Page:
- July 19, 2018
- Posted by: Thelma Obiakor
- Category: Economic Development, Monitoring and Evaluation Capacity Buidling
The economic development space has been replete with different interventions seeking to solve some of the world’s most pressing socio-economic issues. These interventions are often akin to a particular time, place and/or situation, reflect a time-sensitive weighting/ranking of policy goals, and constitute an intentional course of action in pursuit of a set goal. Given that the weighting of goals will vary with time and circumstances, policy interventions usually culminate in scarce resources being allocated to certain prioritized goals. Aiming the policy pendulum at a particular goal results in trade-offs and inadvertently raises a key issue in the development discourse: How do you ensure that your chosen interventions are effective, your set goals are being achieved, and scarce resources are being used efficiently?
Cue in Monitoring and Evaluation (or M&E, as it is colloquially called) which is often referred to as the ‘holy grail’ of economic progress. ‘Monitoring’ and ‘Evaluation’ are two terms that have inundated development discourse since the Paris declaration of 2005, with so much emphasis being laid on tracking progress toward set goals, benchmarking progress against a specified standard and highlighting challenges in the policy implementation process. Despite the wealth of information that exists on M&E, they remain two terms that people merely hear so much about, but understand so little of.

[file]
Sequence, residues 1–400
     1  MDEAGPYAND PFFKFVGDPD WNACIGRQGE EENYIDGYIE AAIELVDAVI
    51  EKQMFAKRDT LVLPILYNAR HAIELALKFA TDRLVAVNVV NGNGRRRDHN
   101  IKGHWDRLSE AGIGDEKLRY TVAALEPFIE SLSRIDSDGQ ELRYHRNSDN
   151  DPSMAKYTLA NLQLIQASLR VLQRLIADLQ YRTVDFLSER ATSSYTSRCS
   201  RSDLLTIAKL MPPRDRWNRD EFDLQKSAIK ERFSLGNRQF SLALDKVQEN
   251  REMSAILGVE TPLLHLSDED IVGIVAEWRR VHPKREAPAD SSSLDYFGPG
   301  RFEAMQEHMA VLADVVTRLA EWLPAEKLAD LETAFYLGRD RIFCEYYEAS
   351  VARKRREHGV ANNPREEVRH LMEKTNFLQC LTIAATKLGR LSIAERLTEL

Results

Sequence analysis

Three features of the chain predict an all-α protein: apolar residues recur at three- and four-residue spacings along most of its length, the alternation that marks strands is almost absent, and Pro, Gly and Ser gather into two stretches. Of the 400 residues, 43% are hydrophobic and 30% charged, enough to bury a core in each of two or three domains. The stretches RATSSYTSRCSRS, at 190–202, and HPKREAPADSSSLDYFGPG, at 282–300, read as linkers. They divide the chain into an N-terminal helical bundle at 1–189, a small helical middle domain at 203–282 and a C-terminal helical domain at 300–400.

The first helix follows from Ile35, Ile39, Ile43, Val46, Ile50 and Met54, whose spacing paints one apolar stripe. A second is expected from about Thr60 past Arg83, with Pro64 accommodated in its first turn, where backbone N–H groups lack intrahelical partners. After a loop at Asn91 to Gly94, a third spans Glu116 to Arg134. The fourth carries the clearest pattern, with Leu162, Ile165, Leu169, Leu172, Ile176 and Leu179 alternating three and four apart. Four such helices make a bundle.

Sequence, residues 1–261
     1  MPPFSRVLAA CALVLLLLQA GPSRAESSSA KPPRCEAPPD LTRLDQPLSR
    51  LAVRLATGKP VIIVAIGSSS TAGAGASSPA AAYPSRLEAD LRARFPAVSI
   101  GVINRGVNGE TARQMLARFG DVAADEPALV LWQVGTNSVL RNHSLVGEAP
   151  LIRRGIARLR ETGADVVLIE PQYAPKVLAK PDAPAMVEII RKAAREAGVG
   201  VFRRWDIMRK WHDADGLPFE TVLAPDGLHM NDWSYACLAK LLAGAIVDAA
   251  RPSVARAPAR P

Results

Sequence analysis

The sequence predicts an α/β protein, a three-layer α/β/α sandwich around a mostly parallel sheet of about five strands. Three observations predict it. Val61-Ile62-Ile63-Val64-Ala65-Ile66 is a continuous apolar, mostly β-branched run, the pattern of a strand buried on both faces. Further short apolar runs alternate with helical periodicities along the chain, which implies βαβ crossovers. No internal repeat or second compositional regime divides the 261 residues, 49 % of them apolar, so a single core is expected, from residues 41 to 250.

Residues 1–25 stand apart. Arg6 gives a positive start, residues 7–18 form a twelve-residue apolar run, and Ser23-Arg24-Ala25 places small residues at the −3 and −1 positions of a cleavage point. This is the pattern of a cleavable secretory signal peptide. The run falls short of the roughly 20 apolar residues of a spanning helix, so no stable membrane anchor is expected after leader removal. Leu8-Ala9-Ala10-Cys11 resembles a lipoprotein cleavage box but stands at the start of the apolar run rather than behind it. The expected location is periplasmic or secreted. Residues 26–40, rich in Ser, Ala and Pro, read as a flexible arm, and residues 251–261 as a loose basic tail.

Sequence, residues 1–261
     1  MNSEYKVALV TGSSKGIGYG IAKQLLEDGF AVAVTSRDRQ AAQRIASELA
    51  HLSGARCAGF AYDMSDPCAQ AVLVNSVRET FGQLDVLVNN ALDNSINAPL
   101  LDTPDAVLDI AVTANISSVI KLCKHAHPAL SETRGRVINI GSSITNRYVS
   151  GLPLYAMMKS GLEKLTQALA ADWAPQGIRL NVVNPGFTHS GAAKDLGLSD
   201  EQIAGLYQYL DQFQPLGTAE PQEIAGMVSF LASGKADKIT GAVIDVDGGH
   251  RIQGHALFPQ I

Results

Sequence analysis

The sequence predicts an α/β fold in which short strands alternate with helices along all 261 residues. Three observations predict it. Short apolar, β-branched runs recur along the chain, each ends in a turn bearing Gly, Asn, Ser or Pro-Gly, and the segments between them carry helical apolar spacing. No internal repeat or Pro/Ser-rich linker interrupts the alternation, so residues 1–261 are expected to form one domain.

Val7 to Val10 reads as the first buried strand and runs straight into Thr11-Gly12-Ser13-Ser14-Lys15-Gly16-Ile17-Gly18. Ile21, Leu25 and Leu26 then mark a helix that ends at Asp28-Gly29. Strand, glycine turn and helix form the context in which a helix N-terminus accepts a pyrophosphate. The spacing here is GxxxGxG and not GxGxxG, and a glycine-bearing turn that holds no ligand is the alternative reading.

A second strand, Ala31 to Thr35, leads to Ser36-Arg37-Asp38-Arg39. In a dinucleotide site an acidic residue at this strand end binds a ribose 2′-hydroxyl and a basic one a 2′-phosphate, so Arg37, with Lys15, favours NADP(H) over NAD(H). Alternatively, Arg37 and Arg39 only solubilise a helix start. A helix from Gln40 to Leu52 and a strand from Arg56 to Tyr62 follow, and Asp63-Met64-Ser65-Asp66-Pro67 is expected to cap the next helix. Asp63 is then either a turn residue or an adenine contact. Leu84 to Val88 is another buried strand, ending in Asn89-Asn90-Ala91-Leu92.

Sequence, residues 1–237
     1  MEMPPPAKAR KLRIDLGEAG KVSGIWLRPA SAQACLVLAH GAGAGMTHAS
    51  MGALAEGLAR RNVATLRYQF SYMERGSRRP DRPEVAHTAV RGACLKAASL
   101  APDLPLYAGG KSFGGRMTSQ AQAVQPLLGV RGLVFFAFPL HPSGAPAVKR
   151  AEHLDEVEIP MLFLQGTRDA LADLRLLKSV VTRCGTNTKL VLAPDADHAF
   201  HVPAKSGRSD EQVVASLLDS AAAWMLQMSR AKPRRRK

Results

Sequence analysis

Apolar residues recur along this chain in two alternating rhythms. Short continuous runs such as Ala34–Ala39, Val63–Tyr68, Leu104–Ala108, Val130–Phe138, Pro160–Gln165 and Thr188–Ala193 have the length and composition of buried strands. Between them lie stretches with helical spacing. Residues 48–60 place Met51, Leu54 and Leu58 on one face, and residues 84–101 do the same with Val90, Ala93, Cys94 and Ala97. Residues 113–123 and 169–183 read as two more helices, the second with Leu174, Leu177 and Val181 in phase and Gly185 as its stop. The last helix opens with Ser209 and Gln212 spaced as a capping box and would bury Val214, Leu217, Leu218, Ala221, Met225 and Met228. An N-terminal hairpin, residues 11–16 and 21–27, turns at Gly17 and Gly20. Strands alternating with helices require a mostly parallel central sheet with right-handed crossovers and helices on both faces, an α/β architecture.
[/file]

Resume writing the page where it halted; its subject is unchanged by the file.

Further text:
For all that is known about M&E, there is also so much misconception surrounding it. For a newcomer, M&E can be confusing, as most information is often steeped in technical jargon. For the more experienced, terms tend to be misused and intentions and purposes are often misunderstood. In order to understand what M&E really is, it might be easier to first tease apart what M&E is not, i.e. the some of the widely held misconceptions. Below is a non-exhaustive list of these misconceptions:
- The terms ‘Monitoring’ and ‘Evaluation’ are interchangeable.
- M&E is a task that is performed.
- M&E is synonymous with data.
- M&E and research are one and the same.
- M&E is a requirement for program strategy.
Having articulated some of the misconceptions surrounding M&E, I will attempt to frame your understanding of the concept by dispelling these misconceptions.
1) The terms ‘Monitoring’ and ‘Evaluation’ are not interchangeable; rather, they are synergetic. Monitoring and Evaluation are two fundamentally different concepts that refer to different functions of the same process/framework. To put it simply, M&E is a process that fosters improved performance and enables decision makers to achieve intended results.
The first function, Monitoring, is a continuous activity that involves the systematic and routine collection and analysis of data/information from programs, for the purpose of tracking progress against intended plans and allocated resources.